Nicolas Pereda: Here Are His Stories


Between 2007 and 2010, Nicolas Pereda wrote and directed four features, bashed out an hour-long, installation-style video piece, and made a short film during what must have counted as his spare time. Often, that’s the schedule of an artist on a hobbyhorse (or else a factory line). But Pereda has taken this relentless work ethic and pushed it to an abstractly exhilarating new place.

Unseeable outside short engagements and film festivals (including Cannes and Venice), Pereda’s fast-amassing oeuvre gets the retrospective treatment at Anthology in a one-week run starting Friday. You can forget turning to Netflix afterward; the director doesn’t even have a Wikipedia page yet. (And press reports seem to disagree how old the Mexico City–born twentysomething is, precisely—though Anthology says 27.)

Pereda’s four full-lengths aren’t just linked by their narrative concern with Mexico’s contemporary poor; most of them also star a mother-son dyad played by actors Teresa Sanchez and Gabino Rodriguez. And in every single film except Where Are Their Stories?—Pereda’s impressively assured debut—their characters bear the actors’ real-life first names.

Yet the works don’t serve as sequels or prequels to one another. If these characters are always engaged in acts of subsistence-maintenance, they are still easily differentiated. Soldier-boy Gabino, from Pereda’s latest, Summer of Goliath, is a sadistic prick compared to the sweet kid in Juntos who just wants to find his dog and cool down the scalding-hot water coming out of his tap. The films’ Mother Teresa also evolves. Merely put upon by the lazy, house-mover version of Gabino in Perpetuum Mobile, she spends Goliath cursing out and fighting with her ex-husband’s suspected objects of affection (male and female).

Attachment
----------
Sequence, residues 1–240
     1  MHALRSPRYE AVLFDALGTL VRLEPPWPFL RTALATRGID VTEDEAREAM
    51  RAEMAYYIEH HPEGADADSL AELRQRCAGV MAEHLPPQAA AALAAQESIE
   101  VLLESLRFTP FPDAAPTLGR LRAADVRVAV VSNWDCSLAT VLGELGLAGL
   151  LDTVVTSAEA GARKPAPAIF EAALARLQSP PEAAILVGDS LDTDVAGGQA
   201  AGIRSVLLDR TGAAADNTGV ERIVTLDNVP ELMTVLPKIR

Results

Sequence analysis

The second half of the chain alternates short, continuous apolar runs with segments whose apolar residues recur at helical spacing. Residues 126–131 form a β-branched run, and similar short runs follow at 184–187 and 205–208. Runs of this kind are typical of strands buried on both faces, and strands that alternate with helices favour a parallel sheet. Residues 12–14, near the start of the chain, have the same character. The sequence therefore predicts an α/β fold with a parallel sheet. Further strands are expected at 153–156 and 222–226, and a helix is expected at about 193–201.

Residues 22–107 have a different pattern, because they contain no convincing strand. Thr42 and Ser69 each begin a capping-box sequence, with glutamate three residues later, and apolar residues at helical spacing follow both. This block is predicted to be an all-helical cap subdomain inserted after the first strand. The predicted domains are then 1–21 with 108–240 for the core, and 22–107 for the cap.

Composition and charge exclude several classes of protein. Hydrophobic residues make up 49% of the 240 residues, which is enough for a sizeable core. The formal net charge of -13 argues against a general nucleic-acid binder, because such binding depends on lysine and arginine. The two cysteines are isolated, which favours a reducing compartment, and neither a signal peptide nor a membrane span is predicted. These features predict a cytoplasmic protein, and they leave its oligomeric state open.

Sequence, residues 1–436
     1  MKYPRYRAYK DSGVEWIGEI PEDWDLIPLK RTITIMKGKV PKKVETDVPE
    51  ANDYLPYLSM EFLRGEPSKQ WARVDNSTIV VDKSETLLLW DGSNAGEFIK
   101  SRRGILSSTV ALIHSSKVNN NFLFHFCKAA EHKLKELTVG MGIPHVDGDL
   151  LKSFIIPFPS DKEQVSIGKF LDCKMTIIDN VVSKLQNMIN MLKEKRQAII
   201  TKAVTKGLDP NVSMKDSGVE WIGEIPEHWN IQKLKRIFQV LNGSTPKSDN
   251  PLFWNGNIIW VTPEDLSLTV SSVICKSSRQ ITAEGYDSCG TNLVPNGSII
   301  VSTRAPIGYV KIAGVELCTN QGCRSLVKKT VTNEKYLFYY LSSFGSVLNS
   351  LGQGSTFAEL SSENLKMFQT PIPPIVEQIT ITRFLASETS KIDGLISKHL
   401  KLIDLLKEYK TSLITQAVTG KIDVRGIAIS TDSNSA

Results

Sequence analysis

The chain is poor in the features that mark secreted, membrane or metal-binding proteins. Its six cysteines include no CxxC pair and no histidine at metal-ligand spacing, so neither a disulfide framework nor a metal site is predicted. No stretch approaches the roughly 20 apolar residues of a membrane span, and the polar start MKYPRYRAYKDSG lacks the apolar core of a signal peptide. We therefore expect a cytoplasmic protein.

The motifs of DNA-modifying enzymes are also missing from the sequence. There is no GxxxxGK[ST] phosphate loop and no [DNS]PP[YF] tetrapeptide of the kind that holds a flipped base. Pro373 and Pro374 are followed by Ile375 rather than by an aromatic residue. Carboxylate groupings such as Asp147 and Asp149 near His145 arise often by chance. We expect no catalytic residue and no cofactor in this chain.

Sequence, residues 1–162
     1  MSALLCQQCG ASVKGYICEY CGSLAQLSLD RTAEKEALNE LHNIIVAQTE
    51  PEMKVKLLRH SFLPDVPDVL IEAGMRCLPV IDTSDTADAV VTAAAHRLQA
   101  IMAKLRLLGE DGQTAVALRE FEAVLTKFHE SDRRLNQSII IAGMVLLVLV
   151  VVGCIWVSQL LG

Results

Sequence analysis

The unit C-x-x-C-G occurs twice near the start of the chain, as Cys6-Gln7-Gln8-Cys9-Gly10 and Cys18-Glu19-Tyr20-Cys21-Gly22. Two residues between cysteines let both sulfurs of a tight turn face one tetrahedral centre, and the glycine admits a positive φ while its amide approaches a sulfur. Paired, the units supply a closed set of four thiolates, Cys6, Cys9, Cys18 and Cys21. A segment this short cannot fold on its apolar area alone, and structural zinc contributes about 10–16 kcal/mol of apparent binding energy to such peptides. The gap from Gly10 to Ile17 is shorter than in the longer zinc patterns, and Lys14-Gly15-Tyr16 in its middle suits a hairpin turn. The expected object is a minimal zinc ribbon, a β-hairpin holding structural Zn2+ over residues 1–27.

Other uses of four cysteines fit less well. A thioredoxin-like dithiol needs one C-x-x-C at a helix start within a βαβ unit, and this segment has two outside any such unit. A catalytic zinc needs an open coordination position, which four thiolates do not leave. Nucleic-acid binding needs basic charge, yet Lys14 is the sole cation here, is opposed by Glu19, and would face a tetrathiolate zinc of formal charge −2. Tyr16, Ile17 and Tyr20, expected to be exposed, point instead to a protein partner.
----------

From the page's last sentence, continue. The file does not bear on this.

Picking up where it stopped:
You can’t help but see the populist impulse in Pereda’s work, as when his Godard-y “opening” credits crack in way late (after the 20-minute mark) during Stories as a rhythmic surprise to remind you that a) yes, you are watching a movie, and b) why aren’t there more movies about the poor, anyway? Thankfully, such noble concerns avoid trending toward uncomplicated sentimentality. The range of his characters—cheats, pranksters, layabouts, and honest hardworking types—makes it clear that Pereda really wants to investigate the margins he can’t stop filming.

Influences from the entire International Slow-Pace Cinema School are naturally operating throughout, but Pereda has some innovations. The is-it-doc-or-not? language of Goliath will remind some of Miguel Gomes’s brilliantly indirect Our Beloved Month of August. But with Pereda, the answer is knowable; his filmography is littered with self-referential clues. (Hint: If attending both, see Juntos before Perpetuum Mobile. And don’t miss the early Pereda short Interview With the Earth, which screens at Anthology alongside Stories.) And anyone who saw Sofia Coppola’s Somewhere as a triumph of technique over substance should check out this director’s way with a deliberate wind-up.

The least satisfying screening in a movie-theater context is probably the one-hour video piece “All Things Were Now Overtaken by Silence,” which is more a documentary about Pereda’s crew lighting the staged recitation of a poem than an actual reading of the work. Still, if contemplating going all in, you should see that, too. This is one of those weeks when the tax-deductible, ticket-discount-granting membership at Anthology feels like a purely selfish investment.